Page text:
Organisations like Sightsavers have been campaigning hard over the past few years to ensure that this set of goals specifically includes people with disabilities. I'm really pleased that the UK government has played a leading role in the combined effort by championing the 'leave no one behind' agenda.
It is time for all UN Member States to step up and shoulder some of the load, a message that over 20million people from across the globe are shouting out loud and clear to their governments as part of the action/2015 campaign.
Through my experience with the Kiuyu Mbuyuni MVP, I believe that an integrated approach to grassroots development is essential to a Post 2015, SDG world. I also think that, given the size of the challenge, we need to celebrate those willing to innovate because finding a way to eradicate poverty will not happen by accident or by good intention.
A couple of weeks ago, I attended the Results UK, National Conference, where the theme was on the post-2015 agenda. Fittingly
Every year, the lives of 453,000 children under the age of 5 are taken globally due to malaria, and that number is magnified when looking at Africa, where a child dies every minute because of the disease. These figures shed light on the scale of the issue, but they don't tell the whole story.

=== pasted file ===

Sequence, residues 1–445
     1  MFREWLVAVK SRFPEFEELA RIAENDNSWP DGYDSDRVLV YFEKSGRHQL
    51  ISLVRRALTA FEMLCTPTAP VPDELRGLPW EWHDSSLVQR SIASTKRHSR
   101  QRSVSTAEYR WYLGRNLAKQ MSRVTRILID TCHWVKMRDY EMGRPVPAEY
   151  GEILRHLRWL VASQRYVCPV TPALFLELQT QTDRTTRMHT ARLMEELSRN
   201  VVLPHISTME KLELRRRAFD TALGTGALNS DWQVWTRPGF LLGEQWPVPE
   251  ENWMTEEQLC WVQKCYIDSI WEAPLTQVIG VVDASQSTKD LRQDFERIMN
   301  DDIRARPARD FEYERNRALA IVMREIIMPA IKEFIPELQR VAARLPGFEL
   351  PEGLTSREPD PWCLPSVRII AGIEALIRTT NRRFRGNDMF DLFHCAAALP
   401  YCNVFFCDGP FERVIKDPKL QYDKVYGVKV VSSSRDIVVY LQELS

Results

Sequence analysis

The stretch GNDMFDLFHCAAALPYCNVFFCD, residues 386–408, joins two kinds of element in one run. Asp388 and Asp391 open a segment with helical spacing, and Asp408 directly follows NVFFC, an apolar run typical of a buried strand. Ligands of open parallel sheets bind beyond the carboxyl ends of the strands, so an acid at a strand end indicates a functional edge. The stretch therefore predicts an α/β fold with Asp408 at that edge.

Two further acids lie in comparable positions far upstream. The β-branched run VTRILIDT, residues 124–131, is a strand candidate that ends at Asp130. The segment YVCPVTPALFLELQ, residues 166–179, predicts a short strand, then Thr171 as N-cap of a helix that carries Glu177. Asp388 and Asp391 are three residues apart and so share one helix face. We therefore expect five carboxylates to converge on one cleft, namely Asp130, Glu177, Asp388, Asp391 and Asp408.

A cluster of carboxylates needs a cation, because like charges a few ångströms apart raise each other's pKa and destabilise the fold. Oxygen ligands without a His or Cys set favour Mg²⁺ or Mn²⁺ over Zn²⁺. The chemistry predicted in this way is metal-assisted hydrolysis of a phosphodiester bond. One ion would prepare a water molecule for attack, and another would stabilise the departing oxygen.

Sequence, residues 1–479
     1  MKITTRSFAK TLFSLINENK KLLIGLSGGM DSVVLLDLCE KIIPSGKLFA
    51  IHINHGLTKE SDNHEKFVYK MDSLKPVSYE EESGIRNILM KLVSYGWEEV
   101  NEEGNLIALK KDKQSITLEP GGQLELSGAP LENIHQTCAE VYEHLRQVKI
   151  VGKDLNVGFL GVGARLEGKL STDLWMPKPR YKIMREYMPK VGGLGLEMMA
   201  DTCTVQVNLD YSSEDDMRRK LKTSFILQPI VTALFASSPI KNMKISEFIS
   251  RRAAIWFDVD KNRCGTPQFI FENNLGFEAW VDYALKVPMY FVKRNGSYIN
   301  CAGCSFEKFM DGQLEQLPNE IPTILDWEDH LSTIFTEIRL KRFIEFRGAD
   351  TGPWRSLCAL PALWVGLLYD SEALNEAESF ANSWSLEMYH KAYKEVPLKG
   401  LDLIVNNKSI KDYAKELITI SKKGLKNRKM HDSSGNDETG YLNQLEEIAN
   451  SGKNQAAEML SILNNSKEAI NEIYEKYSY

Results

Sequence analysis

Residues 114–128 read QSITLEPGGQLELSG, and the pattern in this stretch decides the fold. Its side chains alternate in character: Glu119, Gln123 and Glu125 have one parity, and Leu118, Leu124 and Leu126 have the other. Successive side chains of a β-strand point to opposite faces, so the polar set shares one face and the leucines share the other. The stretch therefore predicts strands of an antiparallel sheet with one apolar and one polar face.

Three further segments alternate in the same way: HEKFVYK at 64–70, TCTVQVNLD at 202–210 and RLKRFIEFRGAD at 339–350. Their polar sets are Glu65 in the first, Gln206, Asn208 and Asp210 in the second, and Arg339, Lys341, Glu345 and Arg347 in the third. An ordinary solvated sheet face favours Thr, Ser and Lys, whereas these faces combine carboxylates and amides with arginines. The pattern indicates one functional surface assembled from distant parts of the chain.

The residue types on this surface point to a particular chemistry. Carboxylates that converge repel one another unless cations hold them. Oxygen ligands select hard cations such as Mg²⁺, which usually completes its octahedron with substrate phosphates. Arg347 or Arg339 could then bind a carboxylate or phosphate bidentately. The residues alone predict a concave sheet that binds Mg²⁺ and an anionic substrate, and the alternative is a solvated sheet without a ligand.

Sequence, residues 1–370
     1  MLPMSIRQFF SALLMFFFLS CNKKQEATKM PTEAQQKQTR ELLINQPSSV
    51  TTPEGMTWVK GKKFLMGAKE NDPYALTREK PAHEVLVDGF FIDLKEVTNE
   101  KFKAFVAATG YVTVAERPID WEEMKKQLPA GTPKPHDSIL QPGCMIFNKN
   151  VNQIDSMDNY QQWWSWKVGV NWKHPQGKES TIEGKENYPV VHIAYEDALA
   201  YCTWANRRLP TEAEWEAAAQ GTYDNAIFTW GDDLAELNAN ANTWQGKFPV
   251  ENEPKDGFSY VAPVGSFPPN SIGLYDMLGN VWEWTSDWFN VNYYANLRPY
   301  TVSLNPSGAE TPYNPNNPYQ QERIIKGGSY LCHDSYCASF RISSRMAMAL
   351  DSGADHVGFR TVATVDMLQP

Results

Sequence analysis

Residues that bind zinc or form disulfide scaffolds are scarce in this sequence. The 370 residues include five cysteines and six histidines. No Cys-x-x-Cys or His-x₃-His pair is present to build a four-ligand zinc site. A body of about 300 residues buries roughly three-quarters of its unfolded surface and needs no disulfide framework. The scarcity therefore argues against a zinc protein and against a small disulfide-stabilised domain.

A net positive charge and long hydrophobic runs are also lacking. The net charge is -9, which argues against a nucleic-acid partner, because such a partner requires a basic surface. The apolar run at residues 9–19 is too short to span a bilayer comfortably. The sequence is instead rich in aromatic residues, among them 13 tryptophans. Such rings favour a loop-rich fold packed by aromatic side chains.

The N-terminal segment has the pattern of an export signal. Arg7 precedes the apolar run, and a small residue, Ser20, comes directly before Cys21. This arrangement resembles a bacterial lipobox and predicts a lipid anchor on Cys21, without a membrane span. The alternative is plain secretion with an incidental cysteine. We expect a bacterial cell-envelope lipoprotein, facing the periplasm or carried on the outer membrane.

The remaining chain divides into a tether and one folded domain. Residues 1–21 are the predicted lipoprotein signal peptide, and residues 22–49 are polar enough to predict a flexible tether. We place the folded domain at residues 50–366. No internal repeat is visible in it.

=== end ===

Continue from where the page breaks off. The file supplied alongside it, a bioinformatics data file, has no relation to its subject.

Every child, no matter whether their country is rich or poor, whether they live in a village or a city, should be going to school today. Yet despite the 2015 deadline to provide 'Education for All' this isn't happening. Our collective failure to reach global education goals means that 121 million children and adolescents are being denied their right to attend school.
This says to me that we need to take volunteering out of the margins and into the mainstream. We in the sector have a once-in-a-generation opportunity to redefine volunteering for the next few decades at least.
While TICAD presents Africa with a powerful instrumental instrument for mobilizing the Means of Implementing the Sustainable development goals, those of us in Africa with an interest in this cannot afford to sit back and wait for the agenda to be agreed.
Global policy frameworks may feel a long way from the realities of women's lives. Yet these frameworks lay out fundamental rights and freedoms, and are an important tool for women's rights organisations to advocate for improvements in the lives of women.
That people's outcomes in life shouldn't be determined by their income, gender, age, race, ethnicity, disability or geography is a truly transformative notion that could shift the course of global development - for good. But it's also a tall order.